# Directional Movement (+DI –DI)

The Directional Movements Indicators, Positive DI (+DI) and Negative DI (-DI), make up the Directional Movement system, and are also calculated as part of the Average Directional Movement Index (ADX).

The Positive DI and Negative DI are plotted individually, with the +DI often highlighted in green and –DI highlighted in red.

## Calculation of Directional Movement

1. Directional Movement calculates two components, +DM and –DM. These are both inputs into the eventual +DI and –DI calculations.

+DM is equal to the high of the current price bar minus the high of the previous price bar.

-DM is equal to the low of the current price bar minus the low of the previous price bar.

The smaller value of the two is reset to zero. For example, if +DM is greater than –DM, then –DM is zero, and vice versa. It is also possible that both are equal to zero in the case of an inside bar, in certain cases where price gaps exist (i.e., market closes periodically, such as daily with stock markets or over the weekend in foreign exchange markets). A reading of zero would denote no directional movement for the given period.

2. Next, the true range for each period is calculated.

True Range (TR) = Max[(High – Low), (High – Previous Close), (Previous Close – Low)]

The +DM, -DM, and TR are calculated for each period (via price data within each price bar). They are then smoothed using a method proposed by the indicator’s developer Welles Wilder through the process of summation (i.e., arithmetic series).

For smoothing over X periods, 1/X of each period’s value is added onto each calculation as a form of exponential smoothing. This inversely weighted add-on factor works to increase the influence of new data points versus old. The formulas are as follows:

+DMt = [+DMt-1 – (+DMt-1 / n)]

-DMt = [-DMt-1 – (-DMt-1 / n)]

TRt = [TRt-1 – (TRt-1 / n)]

Where:

+DMt = +DM at a given time, t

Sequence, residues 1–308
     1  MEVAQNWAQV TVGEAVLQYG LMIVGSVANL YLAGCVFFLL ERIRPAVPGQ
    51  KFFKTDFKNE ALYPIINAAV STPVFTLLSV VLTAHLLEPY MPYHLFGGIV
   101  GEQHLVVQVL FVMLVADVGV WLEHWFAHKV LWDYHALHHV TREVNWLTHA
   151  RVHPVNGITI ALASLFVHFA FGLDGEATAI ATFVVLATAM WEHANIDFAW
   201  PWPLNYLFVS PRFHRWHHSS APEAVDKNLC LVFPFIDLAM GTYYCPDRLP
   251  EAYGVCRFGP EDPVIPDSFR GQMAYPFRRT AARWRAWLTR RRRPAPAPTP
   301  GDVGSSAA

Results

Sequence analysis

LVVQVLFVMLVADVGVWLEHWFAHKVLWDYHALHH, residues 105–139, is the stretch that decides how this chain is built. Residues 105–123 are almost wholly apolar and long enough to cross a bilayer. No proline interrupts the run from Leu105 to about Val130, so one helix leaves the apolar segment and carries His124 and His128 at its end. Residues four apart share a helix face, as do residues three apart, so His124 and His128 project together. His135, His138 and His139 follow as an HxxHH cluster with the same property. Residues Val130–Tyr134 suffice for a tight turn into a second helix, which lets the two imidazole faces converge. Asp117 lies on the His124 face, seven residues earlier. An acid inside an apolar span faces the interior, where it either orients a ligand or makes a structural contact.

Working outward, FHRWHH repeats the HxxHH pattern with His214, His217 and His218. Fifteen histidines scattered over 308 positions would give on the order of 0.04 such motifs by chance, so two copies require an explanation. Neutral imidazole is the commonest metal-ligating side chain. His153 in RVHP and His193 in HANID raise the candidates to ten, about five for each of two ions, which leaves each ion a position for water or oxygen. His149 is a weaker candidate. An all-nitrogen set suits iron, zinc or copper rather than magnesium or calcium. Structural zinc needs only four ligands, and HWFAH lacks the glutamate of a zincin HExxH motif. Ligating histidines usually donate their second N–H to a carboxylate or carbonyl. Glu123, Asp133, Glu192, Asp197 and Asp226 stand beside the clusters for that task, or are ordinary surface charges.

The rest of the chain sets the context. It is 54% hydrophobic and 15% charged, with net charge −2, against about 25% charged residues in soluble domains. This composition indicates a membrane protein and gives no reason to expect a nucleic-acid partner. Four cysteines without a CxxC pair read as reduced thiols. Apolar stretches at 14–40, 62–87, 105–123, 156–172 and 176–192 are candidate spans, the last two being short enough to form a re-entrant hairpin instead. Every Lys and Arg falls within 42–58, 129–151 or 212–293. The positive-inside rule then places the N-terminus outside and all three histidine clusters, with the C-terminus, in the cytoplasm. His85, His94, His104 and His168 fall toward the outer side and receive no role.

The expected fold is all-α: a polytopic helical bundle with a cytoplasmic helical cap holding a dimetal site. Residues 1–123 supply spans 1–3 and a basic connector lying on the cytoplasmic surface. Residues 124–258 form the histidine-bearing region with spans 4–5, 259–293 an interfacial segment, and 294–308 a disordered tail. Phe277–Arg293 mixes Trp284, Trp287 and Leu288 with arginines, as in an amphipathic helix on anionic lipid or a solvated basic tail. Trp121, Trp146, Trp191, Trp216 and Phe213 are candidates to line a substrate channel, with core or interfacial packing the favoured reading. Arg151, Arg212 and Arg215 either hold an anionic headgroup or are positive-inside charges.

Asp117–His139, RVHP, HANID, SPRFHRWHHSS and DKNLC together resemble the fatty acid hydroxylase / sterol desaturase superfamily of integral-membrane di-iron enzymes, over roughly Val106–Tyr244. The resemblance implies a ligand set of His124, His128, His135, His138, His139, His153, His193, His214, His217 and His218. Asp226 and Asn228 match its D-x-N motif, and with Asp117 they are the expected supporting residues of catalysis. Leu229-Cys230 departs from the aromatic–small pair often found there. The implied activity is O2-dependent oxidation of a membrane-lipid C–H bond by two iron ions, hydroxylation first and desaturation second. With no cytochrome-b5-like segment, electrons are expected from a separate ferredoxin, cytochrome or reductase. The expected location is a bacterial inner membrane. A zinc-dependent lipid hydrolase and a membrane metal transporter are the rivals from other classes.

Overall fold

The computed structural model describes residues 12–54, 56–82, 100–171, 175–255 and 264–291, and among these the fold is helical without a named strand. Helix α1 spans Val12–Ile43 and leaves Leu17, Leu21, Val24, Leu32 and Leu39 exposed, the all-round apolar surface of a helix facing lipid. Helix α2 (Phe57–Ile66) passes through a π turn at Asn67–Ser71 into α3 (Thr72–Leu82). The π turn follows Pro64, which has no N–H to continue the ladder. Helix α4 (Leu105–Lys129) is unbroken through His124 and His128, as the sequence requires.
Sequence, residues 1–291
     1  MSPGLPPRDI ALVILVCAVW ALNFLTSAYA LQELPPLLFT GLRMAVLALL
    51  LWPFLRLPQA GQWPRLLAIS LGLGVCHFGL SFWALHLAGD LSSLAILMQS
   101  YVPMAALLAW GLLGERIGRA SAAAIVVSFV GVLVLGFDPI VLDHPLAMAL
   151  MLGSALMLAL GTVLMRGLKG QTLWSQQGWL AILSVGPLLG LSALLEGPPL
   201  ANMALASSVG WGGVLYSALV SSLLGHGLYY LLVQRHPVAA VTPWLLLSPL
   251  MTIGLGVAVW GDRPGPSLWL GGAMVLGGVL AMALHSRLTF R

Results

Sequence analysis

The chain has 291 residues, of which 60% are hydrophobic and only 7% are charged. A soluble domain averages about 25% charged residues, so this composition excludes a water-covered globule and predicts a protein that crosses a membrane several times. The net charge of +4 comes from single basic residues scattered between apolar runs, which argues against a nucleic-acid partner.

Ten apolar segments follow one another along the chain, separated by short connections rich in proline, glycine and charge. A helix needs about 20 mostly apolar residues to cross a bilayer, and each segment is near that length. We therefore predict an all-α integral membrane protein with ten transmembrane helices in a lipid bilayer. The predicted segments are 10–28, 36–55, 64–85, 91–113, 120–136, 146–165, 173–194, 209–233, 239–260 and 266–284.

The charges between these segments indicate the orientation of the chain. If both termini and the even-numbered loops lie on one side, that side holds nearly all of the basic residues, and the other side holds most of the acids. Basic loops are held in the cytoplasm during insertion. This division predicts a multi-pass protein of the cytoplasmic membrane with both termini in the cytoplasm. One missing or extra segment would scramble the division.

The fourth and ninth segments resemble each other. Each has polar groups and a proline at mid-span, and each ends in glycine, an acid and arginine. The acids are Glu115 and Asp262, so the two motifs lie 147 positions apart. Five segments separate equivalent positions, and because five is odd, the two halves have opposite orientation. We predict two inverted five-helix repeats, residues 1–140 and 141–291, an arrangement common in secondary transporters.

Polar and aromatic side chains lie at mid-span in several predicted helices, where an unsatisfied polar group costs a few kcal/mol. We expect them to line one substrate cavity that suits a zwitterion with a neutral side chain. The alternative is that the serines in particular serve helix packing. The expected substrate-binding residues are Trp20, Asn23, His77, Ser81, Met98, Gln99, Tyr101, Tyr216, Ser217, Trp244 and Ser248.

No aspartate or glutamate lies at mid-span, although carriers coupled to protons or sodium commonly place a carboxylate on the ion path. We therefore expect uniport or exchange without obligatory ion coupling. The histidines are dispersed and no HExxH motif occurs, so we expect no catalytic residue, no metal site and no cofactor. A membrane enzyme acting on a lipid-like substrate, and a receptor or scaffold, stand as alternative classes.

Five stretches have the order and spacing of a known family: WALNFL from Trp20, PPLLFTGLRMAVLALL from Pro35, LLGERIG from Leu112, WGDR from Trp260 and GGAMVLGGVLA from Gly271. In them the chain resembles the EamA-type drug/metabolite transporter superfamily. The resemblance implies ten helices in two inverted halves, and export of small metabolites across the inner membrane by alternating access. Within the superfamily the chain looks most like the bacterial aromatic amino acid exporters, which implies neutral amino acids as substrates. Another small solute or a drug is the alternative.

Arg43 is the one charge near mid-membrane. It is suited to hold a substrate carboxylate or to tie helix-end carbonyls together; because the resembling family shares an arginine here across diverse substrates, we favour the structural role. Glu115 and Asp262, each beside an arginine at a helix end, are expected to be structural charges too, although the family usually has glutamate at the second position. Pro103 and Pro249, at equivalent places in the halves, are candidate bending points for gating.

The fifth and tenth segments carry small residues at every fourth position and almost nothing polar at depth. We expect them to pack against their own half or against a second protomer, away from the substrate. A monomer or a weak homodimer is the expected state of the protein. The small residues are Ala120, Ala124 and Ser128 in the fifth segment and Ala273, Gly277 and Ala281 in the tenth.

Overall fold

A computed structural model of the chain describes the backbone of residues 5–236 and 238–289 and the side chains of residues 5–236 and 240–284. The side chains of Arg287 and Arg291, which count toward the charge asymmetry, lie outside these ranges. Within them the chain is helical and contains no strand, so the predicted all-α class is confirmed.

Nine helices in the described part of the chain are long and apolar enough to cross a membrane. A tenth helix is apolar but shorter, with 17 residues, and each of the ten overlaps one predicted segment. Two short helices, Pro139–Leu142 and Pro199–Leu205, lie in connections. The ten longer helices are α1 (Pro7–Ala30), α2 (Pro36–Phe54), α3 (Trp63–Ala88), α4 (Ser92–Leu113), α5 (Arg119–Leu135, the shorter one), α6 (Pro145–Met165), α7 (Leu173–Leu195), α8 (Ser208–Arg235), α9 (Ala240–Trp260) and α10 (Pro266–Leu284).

+DMt-1 = +DM at a given time, t-1 (or one period in before time t)

-DMt = -DM at a given time, t

-DMt-1 = -DM at a given time, t-1

TRt = TR at a given time, t

TRt-1 = TR at a given time, t-1

3. Finally, the Directional Indexes, both positive and negative form, +DI and –DI, can be calculated. They involve taking Directional Movement, dividing it by the True Range, and multiplying by 100.

+DI = (+DM / TR) * 100

-DI = (-DM / TR) * 100

## Directional Movement Examples

### S&P 500 Daily Chart

Fifteen periods is the standard setting for the +DI/-DI indicator. This, of course, can be adjusted. For the daily chart setting, 21 periods is common. This periodicity tracks back a month’s worth of data with approximately 21 trading days per month. For 24/5 markets such as forex or crude oil, if one wanted to use the same amount of prior data on the hourly chart as the daily chart above, one would multiply 21 (roughly the number of days per month) by 24 (number of hours in the day) to get 504 as the new period setting. The indicator would, of course, be very slow and relatively unreactive to current price data. It would nonetheless allow a trader to look at price action with a higher level of resolution. It’s not recommended to buy and sell off the Directional Index readings alone.

However, a common interpretation is to take a long/buy trade when the +DI (green line in the diagram) crosses above the –DI (red line). This can either be done after a candle’s close or as it happens in real-time.

Some might also set certain rules, such as trade confirmations only after the difference between the +DI and –DI exceeds a certain amount. It is often common in ranging markets for the +DI and –DI to cross frequently. Accordingly, any trade signals from a +DI/-DI crossover would be invalidated quickly.

The extent of the gap between +DI and –DI will depend on the timeframe, the asset being traded, and the periodicity of the indicator. For the S&P 500 daily chart with a +DI/-DI period setting of 21, waiting for the +DI/-DI difference to be at least 3 might be sufficient evidence that a trend is forming in one direction or another.

However, there is always the chance that the longer you wait for trend confirmation, the greater the likelihood you miss out on the bulk of a move or fail to catch it entirely.

From the daily chart below, we can see that the previous consolidating market produced multiple +DI/-DI crossovers. But any trades taken off of these would have been closed out quickly. But the bullish signal from a +DI/-DI gap of 3 (demarcated by the first vertical line) would have produced a nice gain. A crossover of the green +DI line below the red –DI line might generate a signal to close out the trade.

Nevertheless, when it came to a bearish signal (second white vertical line) – e.g., -DI greater than +DI by 3 or more – the market moved so quickly that by the time the indicator confirmed a short trade, the move was largely already over.

## Conclusion

Directional Movement is a trend-following indicator and should not be used in isolation as a trade system. It is merely a tool that can be used to track the momentum, trend, or direction of a market.

Ideally, +DI and –DI lines should be used as part of a broader set of indicators to help confirm the trend. Whether the indicator is used to generate trade signals in itself (+DI/-DI line crossover) or merely as a supplement to other indicators and/or forms of analysis is left to the discretion of the trader.